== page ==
In Mastery, Greene debunks our culture’s many myths about genius and distills the wisdom of the ages to reveal the secret to greatness
Throughout history, Masters in all fields have devised for themselves various strategies to help them pursue and complete the Ideal Apprenticeship. The following are four classic strategies:
1. Value learning over money.
It is a simple law of human psychology that your thoughts will tend to revolve around what you value most. If it is money, you will choose a place for your apprenticeship that offers the biggest paycheck. Inevitably, in such a place you will feel greater pressures to prove yourself worthy of such pay, often before you are already ready. You will be focused on yourself, your insecurities, the need to please and impress the right people and not on acquiring skills.
Instead, you must value learning above everything else. This will lead you to all of the right choices. You will opt for the situation that will give you the most opportunities to learn, particularly with hands-on work.
2. Keep expanding your horizons.
When you enter this phase, you generally begin at the lowest position. Your access to knowledge and people is limited by your status.
Instead, you must struggle against any limitations and continually work to expand your horizons. Reading books and materials that go beyond what is required is always a good starting point. Being exposed to ideas in the wide world, you will tend to develop a hunger for more and more knowledge; you will find it harder to remain satisfied in any narrow corner, which is precisely the point.
3. Revert to a feeling of inferiority.
Understand: when you enter a new environment, your task is to learn and absorb as much as possible. For that purpose you must try to revert to a childlike feeling of inferiority–the feeling that others know much more than you and that you are dependent upon them to learn and safely navigate your apprenticeship.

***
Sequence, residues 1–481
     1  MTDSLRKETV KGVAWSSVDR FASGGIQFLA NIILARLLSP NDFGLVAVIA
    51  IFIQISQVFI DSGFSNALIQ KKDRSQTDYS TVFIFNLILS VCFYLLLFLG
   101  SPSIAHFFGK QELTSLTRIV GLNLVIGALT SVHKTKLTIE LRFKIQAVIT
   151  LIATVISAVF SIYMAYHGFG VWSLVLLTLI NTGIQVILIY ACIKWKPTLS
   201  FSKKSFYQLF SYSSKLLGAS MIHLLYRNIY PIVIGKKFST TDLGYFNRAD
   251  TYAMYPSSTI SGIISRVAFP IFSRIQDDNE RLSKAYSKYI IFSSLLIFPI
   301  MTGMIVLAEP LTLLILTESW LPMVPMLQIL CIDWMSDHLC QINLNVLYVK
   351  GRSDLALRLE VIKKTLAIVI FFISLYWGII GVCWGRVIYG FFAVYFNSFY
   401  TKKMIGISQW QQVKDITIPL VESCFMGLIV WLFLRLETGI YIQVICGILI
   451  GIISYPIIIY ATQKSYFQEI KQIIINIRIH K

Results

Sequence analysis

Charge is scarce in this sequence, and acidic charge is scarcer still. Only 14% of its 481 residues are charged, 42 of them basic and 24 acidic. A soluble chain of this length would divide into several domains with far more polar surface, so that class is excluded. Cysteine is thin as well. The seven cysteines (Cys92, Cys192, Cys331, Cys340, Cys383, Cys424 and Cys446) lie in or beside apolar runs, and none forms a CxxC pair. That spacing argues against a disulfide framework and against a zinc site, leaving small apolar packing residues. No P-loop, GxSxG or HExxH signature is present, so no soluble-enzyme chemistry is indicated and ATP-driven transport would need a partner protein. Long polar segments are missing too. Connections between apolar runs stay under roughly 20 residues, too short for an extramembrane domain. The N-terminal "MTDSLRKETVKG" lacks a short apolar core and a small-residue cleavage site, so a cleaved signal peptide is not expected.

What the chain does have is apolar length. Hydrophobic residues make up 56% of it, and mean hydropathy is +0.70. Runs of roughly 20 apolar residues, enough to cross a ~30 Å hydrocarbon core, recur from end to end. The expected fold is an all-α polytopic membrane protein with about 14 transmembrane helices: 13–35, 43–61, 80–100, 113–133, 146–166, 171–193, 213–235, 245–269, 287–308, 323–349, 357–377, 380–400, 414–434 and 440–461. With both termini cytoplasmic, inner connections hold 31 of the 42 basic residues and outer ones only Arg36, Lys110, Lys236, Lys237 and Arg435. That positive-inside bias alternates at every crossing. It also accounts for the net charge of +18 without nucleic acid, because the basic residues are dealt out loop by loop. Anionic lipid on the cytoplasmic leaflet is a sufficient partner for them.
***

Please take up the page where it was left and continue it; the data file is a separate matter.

You drop all the preconceptions about an environment or field, any lingering feelings of smugness. You have no fears. You interact with people and participate in the culture as deeply as possible. You are full of curiosity.
4. Trust the process.
What separates Masters from others is often something surprisingly simple. Whenever we learn a skill, we frequently reach a point of frustration–what we are learning seems beyond our capabilities. Giving in to these feelings, we unconsciously quit on ourselves before we actually give up. The difference is not simply a matter of determination, but more of trust and faith.
When it comes to mastering a skill, time is the magic ingredient. The only real impediment to this is yourself and your emotions–boredom, panic, frustration, insecurity. You cannot suppress such emotions–they are normal to the process and are experienced by everyone, including Masters. What you can do is have faith in the process. The boredom will go away once you enter the cycle. The panic disappears after repeated exposure. The frustration is a sign of progress–a signal that your mind is processing complexity and requires more practice. The insecurities will transform into the opposites when you gain mastery.
Complement Mastery with How to achieve excellence through the art of learning.